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Exploring Tile Types, Shapes, and Applications in Homes

Tile Types aren’t just for the bathroom or the kitchen anymore. Porcelain, ceramic, and stone tiles are versatile materials that may today be found in nearly every room of a modern home. The tiles are exceptionally robust, do not shatter or distort as the temperature rises or falls, and are water-resistant. They’ve come a long way in design, texture, and color.

Mud Cap Tile vs Bullnose: Difference Between the Two

Tile Types

You will likely come across various tile shapes and sizes while looking for new tiles. Mud cap tile and bullnose are two of the most perplexing tile shapes. So, what exactly is the distinction between the two?

Mud cap tiles, also known as cove tiles, have a curved, concave radius on one edge and are used to produce a junction between the wall and the floor or an inside corner when placing wall tile. The bottoms of these tiles are flared to create a smooth transition from one surface to the next. There are two types of mud cap tiles:

  • Stack-on Cove Base:  The bottom of this wall tile trim stretches out to form a smooth transition to the floor. It has a flat top edge and is utilized on walls where the tile will be put above it.
  • Sanitary Cove Base: It is a floor tile trim with a rounded finished top to cover up the tile’s body.

On the other hand, Bullnose tile, also frequently referred to as a surface cap, is utilized as a cove base replacement. A single bullnose has one rounded edge and can be used to complete an area or change direction horizontally or vertically.

To help you better understand tile shapes and sizes, the next section of this article will walk you through the different tile shapes and sizes and the application of each shape.

Types of Tile Shapes and Sizes

Field Tiles

A field tile is a tile used to cover a wall, countertop, or floor. These tiles are usually flat, have a single color, and require a border or trim tile to finish the installation’s edges.

The most typical shape for field tiles is square, but they are also available in rectangular, octagonal, hexagonal, and customized designs. These tiles come in various sizes, ranging from one-inch mosaics to 24-inch and bigger format tiles.

Mosaic Tile 

Mosaic tiles are small tiles (usually less than 3″x 3″) composed of porcelain, ceramic, colored glass, natural stone, and even pebbles. They come in various shapes, including round (dots) and hexagonal.

For easy installation, mosaic tiles are set out on paper, mesh, or adhesive dot-attached sheets. Straight or divided mosaic tiles can be paired with colors to create a surface design, ornamental inset, or distinctive pattern.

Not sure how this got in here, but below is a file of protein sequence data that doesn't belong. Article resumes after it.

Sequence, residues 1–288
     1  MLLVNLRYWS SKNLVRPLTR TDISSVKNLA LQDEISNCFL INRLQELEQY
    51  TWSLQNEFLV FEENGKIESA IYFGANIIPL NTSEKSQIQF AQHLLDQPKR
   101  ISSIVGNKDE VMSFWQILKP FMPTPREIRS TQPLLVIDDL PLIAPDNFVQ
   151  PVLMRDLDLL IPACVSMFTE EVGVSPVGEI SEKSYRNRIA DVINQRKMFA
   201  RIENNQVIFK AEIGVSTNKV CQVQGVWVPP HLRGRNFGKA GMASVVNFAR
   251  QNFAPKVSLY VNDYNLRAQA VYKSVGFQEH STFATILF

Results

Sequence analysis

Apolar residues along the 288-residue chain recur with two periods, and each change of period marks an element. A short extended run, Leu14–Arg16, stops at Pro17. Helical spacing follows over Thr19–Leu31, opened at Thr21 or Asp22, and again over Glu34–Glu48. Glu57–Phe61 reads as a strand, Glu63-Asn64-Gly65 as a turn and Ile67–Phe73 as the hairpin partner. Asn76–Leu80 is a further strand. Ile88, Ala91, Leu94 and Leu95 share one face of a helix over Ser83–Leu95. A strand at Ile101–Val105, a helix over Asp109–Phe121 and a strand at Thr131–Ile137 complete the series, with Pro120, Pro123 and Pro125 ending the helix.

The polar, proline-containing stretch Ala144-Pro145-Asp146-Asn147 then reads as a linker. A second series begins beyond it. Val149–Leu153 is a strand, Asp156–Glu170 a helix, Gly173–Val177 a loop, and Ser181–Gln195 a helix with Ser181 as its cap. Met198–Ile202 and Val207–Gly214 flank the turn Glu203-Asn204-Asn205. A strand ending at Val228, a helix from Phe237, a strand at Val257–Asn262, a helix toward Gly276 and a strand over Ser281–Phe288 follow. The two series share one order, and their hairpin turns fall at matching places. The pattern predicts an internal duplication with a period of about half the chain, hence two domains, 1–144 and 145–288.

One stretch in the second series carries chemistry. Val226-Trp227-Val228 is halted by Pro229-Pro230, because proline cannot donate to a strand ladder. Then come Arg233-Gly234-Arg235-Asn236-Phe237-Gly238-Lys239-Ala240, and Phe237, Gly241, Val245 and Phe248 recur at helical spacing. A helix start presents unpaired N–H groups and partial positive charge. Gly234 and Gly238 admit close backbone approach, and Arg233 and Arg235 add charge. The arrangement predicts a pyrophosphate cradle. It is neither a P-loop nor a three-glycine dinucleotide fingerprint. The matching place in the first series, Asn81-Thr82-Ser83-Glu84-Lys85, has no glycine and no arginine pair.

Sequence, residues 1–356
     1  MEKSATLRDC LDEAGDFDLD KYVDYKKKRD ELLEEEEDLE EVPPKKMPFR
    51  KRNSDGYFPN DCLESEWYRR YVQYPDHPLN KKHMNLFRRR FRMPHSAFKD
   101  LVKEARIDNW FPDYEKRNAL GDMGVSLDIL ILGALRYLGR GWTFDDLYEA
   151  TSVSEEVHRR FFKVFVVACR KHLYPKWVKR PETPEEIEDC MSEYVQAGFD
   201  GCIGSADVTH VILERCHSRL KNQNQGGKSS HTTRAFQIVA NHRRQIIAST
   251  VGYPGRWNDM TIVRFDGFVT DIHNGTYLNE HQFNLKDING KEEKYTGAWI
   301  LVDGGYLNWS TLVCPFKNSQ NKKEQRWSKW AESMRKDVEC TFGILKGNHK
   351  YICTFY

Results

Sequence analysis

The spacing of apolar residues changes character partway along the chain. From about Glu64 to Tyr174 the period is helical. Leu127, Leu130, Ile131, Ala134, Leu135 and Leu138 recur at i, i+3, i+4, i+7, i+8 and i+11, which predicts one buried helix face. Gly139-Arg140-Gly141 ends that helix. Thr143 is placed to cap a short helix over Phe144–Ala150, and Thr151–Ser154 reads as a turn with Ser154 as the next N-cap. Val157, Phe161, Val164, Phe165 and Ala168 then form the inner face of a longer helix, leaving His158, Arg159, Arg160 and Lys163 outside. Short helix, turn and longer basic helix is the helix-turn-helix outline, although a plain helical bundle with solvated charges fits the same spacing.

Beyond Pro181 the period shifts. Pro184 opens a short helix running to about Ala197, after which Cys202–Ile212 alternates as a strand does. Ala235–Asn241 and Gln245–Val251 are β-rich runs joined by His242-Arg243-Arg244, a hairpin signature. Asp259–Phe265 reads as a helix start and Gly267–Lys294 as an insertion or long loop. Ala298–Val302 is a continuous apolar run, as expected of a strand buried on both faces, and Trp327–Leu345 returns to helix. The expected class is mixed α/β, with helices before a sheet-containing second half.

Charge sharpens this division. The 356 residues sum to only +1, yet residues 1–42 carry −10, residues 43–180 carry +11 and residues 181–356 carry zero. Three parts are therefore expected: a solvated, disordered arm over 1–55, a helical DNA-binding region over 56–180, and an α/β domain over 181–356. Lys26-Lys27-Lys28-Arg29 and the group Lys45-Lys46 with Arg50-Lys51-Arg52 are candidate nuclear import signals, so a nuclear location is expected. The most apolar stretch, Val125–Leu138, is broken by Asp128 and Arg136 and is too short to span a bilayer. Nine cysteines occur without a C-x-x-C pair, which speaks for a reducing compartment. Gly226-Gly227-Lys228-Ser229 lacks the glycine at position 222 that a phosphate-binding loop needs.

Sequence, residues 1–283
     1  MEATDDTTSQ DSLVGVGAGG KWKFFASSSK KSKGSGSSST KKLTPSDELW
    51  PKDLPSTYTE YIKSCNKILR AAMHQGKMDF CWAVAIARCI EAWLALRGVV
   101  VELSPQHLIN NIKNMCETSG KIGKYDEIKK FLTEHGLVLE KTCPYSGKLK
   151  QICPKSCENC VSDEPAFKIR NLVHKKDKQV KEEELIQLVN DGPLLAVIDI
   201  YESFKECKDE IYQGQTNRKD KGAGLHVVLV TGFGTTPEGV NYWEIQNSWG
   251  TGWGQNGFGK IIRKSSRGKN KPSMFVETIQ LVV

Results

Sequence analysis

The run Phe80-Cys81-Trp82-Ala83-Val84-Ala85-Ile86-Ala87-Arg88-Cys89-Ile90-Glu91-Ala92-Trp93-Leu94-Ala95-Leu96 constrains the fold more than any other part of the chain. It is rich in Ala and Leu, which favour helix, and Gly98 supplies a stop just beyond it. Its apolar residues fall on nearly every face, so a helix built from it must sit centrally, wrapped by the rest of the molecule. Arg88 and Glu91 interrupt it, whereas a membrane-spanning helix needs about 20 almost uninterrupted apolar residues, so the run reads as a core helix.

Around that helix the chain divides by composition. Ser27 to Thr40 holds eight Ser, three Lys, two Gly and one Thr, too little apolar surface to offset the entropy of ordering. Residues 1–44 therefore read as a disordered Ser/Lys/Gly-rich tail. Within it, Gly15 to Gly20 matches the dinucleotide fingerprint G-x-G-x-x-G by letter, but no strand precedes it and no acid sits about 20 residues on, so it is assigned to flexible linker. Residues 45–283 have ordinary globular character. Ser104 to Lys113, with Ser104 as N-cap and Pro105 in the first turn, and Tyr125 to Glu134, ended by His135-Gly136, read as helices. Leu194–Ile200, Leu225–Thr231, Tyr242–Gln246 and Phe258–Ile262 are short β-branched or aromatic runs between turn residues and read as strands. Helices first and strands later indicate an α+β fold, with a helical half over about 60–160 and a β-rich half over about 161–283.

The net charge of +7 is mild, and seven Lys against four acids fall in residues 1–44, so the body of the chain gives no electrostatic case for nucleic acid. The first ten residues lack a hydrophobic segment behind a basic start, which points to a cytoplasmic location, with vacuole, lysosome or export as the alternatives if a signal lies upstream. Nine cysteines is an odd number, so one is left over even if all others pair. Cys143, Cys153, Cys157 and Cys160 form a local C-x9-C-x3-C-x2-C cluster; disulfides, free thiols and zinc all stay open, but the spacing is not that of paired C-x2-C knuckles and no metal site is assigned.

Trim Tile

Trim tiles cover the cut or raw edges of field tiles, especially on walls and countertops. These tiles are an essential transition component that protects the raw edge of the field tile; without them, the field tile could be destroyed easily.

Trim tiles come in various shapes and sizes to help you achieve the sanitary and architectural look you want for your installation. 

The two broad categories of trim tiles include:

  • Surface Trim: Often the same thickness as the field tile and is put directly to the wall or countertop surface.
  • Radius Trim: A curving trim tile used to cover a deep setting bed or a tile piece.

The typical surface and radius trim shapes include the already discussed bullnose and mud cup, plus quarter-round and V-cap.

Border Tiles

Tile Types

Border tiles are mostly decorative field tiles that define a transition. The forms, sizes, designs, colors, and textures of these tiles distinguish them from the field tiles.

The v-cap of a counter, which can be a different color or have a design or hand-painted border, can be utilized as trim tiles. Many manufacturers now make ceramic borders and profiles for the base, crown, and chair rails that match the wall tile and add aesthetics to the installation.

Frequently Asked Questions

What is the Difference Between V-Cap and Quarter Round?

The front border of a countertop has a v-shaped trim called apron trim. The front border of this tile is delicately curved upward to prevent water from overflowing. Quarter round, also called as Bead, trims piece edges. From the side, Tile Types looks like a quarter circle. This can be modified with a half-round trim.

What are Porcelain Tiles?

All porcelain tiles are ceramic. Not all ceramic tiles are porcelain. Porcelain ceramic tiles absorb less than 0.5 percent water. These tiles can be used indoors and outdoors because they have low water absorption rates and are resilient during freeze-thaw cycles.

Fine clays, feldspar, and quartz are fired at high temperatures to make porcelain tiles denser and more water-resistant than ceramic tiles. Some manufacturers now make high-density ceramic tiles that are stronger than porcelain.

While porcelain’s structure provides durability, cutting and adhering the tile to vertical surfaces can be challenging.

Where are Tiles Used?

Homes use tiles mainly on interior floors, walls, and worktops. Floor tiles are thicker and stronger than wall tiles for foot traffic. They might be glazed or unglazed. Textured floor tiles improve slip resistance.

Floor tile works on walls and countertops, while wall tile should only be used on walls and countertops. The majority of wall tiles are high-gloss or semi-gloss. This shiny, glazed surface is slippery when wet and inappropriate for floor tiles.